Standard Federal Bank for Savings, Burr Ridge, Ill., was in the property-and-casualty insurance business for about 10 years when its executives decided to shed its insurance subsidiary.

But Standard Federal still wanted to offer property-and- casualty insurance. So when Horton Insurance Agency, Orland Park, Ill., this month offered to buy the thrift's SFB Insurance Agency subsidiary and continue marketing the product to the savings and loan's customers, Standard Federal accepted.

Observers say that banks are likely sellers of property-and-casualty insurance, because people often buy it when they take out a loan for a home or a car. But many banks get frustrated with the slim profits the business generates.

"A lot of institutions are finding the P&C side has a long profit cycle and could take them five years or more to be profitable," said David Shapiro, an insurance consultant in Los Gatos, Calif.

"There's nothing wrong with the property-casualty business," said Jim Rensel, managing director at Q-Group Quality Insurance Resource Group, Tempe, Ariz.

"But unless you're fully committed to an aggressive approach, it's not going to give off the profits senior management at banks want."

So, many banks choose to sell the units they once coveted.

Indeed, Glenn Horton, president of Horton Insurance, said he was interested in buying an agency at the same time Standard Federal wanted to sell its insurance subsidiary.

After ironing out some final legal issues, Mr. Horton said his company would buy the thrift's insurance unit and would pay a fee to market to Standard Federal's future customers.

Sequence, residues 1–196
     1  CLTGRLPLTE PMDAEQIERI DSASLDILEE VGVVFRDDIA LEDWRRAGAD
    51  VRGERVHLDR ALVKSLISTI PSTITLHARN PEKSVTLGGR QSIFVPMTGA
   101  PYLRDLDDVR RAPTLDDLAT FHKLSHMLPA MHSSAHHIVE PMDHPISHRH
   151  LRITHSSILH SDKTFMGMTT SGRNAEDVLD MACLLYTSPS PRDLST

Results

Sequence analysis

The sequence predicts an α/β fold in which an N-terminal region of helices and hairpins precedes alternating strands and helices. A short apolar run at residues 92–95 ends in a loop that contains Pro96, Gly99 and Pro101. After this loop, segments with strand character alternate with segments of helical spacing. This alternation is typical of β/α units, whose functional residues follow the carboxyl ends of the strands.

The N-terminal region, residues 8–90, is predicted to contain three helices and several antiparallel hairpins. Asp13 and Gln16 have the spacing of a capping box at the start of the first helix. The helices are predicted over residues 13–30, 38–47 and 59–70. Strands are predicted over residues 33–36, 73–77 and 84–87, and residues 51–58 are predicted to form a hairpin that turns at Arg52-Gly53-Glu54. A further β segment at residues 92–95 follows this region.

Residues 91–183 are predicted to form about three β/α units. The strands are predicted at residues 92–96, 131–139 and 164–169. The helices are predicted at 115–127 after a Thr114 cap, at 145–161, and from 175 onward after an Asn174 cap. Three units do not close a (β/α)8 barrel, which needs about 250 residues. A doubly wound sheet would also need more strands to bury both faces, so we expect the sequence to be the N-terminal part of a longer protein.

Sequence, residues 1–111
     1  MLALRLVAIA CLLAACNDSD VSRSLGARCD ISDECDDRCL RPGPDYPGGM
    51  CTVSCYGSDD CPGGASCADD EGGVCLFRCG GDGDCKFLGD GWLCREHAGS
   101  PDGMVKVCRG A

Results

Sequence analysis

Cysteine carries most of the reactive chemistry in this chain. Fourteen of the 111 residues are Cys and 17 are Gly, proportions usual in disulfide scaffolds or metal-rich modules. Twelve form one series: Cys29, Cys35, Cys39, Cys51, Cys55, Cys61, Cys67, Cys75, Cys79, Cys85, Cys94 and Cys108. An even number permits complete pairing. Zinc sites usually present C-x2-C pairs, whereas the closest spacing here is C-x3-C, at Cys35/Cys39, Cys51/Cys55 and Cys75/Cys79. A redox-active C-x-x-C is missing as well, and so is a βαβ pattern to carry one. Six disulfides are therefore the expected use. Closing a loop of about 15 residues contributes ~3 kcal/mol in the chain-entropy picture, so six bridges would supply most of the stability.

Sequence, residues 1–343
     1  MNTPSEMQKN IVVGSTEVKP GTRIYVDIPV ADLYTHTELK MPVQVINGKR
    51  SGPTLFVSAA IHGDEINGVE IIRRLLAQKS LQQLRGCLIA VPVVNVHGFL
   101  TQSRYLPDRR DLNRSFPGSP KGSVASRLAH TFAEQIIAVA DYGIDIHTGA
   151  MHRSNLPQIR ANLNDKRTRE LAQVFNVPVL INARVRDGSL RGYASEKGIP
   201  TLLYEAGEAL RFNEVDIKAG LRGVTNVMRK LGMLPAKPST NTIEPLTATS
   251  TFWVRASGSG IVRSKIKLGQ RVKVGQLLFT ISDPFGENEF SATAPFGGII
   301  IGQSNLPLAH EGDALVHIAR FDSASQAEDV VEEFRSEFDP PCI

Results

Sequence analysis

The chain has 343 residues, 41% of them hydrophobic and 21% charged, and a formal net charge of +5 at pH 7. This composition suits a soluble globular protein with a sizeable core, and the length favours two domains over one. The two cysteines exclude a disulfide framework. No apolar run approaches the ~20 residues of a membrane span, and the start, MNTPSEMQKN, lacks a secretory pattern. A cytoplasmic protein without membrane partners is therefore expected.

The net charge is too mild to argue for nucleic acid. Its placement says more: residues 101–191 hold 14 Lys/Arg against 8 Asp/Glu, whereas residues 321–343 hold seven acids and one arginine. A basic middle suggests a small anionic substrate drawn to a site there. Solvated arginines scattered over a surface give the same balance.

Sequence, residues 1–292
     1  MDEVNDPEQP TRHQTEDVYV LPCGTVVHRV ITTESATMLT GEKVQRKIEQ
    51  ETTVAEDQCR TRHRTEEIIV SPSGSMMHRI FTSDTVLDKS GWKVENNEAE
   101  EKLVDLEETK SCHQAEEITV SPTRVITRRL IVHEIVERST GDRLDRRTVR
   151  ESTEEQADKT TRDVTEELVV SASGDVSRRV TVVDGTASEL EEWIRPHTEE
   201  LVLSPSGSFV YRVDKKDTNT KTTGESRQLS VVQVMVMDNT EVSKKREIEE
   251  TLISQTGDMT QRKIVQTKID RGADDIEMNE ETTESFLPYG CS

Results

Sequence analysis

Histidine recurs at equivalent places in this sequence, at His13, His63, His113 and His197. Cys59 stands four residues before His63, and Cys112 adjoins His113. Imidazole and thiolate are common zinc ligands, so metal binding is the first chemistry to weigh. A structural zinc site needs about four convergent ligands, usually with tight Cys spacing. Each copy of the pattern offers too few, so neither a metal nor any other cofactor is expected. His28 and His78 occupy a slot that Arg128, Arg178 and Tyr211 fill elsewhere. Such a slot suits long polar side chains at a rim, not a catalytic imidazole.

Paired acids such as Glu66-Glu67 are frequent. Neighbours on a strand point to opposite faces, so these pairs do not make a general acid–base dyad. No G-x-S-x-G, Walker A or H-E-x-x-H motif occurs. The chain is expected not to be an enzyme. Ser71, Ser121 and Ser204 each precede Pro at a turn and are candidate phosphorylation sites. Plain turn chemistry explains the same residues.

Standard Federal will continue to sell life insurance and annuities to its customers through its investment subsidiary.

David Mackiewich, president at Standard Federal, declined to discuss the thrift's insurance plans.

The deal between the agency and the thrift calls for Horton Insurance agents to staff one Standard Federal branch and conduct seminars at all 14 branches, Mr. Horton said. Standard Federal executives are sensitive to how their customers are treated by the outside insurance agents, Mr. Horton said, so the deal allows the thrift to terminate the agreement at any time.

Since banks' initial foray into the property-casualty business, many have lost patience waiting for profits, another consultant said.

Many banks bought their way into property-casualty insurance, said Valerie Jordan, at Jordan & Jordan, Belchertown, Mass.

"But what bankers don't realize is they have to know what they're doing" because the profits are slim, Ms. Jordan said.

So, many banks then spun off the agencies they had bought a few years earlier and partnered with an agency to sell the product to their customers.

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